Jolfa is right on the border with Azerbaijan and was once a major Armenian settlement until Shah Abbas I relocated them to Isfahan in the early 17th century. They were known for their trade and wine-making abilities, and Isfahan’s Armenian quarter is still known as ‘New Jolfa.’ It has long been an important customs post, through which much of Iran’s imports and exports pass.

#7 Kashan


Kashan is home to several ancient monuments, the most notable of which are Shah Abbas I’s mausoleum, the 12th century Friday Mosque, and the Safavid royal buildings south-west of the city center. The Agha Bozorg Mosque, which houses a theological school, and the lovely Fin Gardens are also worth a visit.

#8 Kerman


Kerman’s historic and cultural ties have seen it endure invasions by Abbasids, Sassanians, Seljuk Turks, and Safavids, as well as a number of historic mosques and ancient Zoroastrian fire temples. The city is a thriving center for Kharijite and Zoroastrian tradition, and it is home to the country’s most comprehensive museum dedicated solely to Zoroastrian anthropology.

Kerman was a great center of trade when Marco Polo visited in the late 13th century, and while much of that prestige has faded, it can still boast international fame for its carpets and textiles. The Friday Mosque, the bazaar, and the 17th century Ganj-Ali bathhouse, which is now a museum depicting the Hammam (bathhouse) culture that is still prevalent in the country, are all worth seeing in the city.

#9 Shiraz


Shiraz is a sophisticated city that has long been regarded as the heart of Persian culture. Fars Province’s capital and one of the most beautiful cities in the world. Shiraz rose to prominence following the Arab conquest of Iran, and by the 13th century, it had grown into one of the largest Islamic cities of the era; by the mid-18th century, it had become the capital, sprawling out like a garden at the foot of the Zagros Mountains.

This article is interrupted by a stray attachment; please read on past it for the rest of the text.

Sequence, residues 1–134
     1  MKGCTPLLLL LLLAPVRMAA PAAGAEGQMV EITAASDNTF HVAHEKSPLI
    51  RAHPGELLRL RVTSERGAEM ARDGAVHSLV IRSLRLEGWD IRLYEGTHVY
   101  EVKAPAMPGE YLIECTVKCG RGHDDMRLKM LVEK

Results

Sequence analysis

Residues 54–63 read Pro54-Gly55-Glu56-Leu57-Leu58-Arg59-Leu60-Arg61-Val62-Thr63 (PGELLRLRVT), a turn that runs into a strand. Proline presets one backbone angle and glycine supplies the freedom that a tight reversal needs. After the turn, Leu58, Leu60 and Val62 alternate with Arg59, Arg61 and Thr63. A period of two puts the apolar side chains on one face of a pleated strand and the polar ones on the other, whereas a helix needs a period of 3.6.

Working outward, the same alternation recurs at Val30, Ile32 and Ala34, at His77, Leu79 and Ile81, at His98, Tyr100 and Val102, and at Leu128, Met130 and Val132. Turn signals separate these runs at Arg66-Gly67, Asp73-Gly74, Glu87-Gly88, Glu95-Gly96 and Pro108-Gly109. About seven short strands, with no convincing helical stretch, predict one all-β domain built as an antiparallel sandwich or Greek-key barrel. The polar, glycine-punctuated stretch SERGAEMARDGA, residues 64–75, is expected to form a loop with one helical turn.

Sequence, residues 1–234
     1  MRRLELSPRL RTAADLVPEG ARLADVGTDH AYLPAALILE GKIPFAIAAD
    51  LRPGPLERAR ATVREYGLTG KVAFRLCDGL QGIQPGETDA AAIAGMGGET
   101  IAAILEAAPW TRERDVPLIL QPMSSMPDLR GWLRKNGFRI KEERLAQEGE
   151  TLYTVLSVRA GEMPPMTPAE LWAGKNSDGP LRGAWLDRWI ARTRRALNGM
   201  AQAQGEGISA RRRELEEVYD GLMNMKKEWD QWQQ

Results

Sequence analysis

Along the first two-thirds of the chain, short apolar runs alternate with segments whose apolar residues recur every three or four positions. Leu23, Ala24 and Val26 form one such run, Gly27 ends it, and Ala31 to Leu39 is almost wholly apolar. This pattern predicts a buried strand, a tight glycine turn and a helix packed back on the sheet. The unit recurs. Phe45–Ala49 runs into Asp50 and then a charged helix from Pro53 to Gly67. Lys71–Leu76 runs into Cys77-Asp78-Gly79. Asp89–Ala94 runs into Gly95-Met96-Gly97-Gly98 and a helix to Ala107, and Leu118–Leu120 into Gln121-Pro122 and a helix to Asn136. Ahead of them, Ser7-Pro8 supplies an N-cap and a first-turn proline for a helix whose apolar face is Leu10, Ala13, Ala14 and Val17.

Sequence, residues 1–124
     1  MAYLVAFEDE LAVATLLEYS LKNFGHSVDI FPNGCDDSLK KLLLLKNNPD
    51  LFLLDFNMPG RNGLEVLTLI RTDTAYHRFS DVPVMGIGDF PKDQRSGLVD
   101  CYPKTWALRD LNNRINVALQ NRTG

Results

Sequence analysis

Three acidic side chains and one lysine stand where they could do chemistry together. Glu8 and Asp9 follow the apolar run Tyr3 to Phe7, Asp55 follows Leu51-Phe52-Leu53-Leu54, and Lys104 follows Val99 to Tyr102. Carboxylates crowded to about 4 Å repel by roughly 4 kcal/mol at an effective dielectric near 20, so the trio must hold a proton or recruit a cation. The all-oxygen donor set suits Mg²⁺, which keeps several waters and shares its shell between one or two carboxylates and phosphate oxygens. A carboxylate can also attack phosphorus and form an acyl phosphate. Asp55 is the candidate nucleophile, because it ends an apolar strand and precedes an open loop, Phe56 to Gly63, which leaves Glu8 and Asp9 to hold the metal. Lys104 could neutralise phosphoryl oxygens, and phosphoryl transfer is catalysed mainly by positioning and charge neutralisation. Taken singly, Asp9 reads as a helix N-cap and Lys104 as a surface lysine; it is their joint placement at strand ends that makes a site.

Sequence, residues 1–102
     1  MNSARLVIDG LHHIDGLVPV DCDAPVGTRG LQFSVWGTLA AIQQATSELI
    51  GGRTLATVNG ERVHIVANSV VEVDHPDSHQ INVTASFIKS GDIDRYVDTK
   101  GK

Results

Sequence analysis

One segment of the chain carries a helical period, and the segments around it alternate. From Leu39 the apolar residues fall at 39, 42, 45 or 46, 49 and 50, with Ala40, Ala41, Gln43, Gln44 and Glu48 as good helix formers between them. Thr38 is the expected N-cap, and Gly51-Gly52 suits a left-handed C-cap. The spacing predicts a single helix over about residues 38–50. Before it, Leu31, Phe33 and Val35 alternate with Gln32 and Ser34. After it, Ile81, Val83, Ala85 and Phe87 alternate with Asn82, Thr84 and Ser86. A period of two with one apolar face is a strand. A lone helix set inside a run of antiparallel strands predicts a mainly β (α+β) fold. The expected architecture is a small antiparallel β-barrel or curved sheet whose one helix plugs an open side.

Shiraz is associated with poetry, learning, nightingales, roses, and, at one time, wine. Shiraz is now a calm, cultivated city with wide tree-lined avenues and enough monuments, gardens, and mosques to keep most visitors occupied for days.

#10 Mashhad


Mashhad, the capital of Khorasan province in northeast Iran and the country’s second largest city, is best known for its beautiful pilgrimage shrine of Imam Reza. Mashad, which means “the place of martyrdom,” is a very holy city for Shi’ite Muslims all over the world. Emam Reza, the prophet Mohammad’s eighth grandson, was murdered there in 817, and it has since become a pilgrimage site. Mashadi women should dress conservatively.

#11 Tehran


With a population of 12 million people, Tehran is a modern, bustling, and overcrowded metropolis. It was the capital of Iran under the Qhajar rulers in the 18th century and, despite the traffic and pollution, is well worth a visit. It is dominated by the towering Alborz Mountains and is home to a plethora of royal palaces as well as some of the best museums in the Middle East.

#12 Yazd


Yazd is one of the world’s oldest cities and the center of the Zoroastrian religion. Until the Arabs introduced Islam to the Iranian plateau in the 7th century AD, Zoroastrianism was the dominant religion across the Iranian plateau. Yazd is a city of wind towers, which are high turrets with openings to catch the winds and provide natural air conditioning during the hot summer months, as well as qanats, which are underground canals used for irrigation.

Yazd, a dry desert city, used to get its water from the Shir Kuh mountains via an elaborate system of qanats, some of which were 45 kilometers long.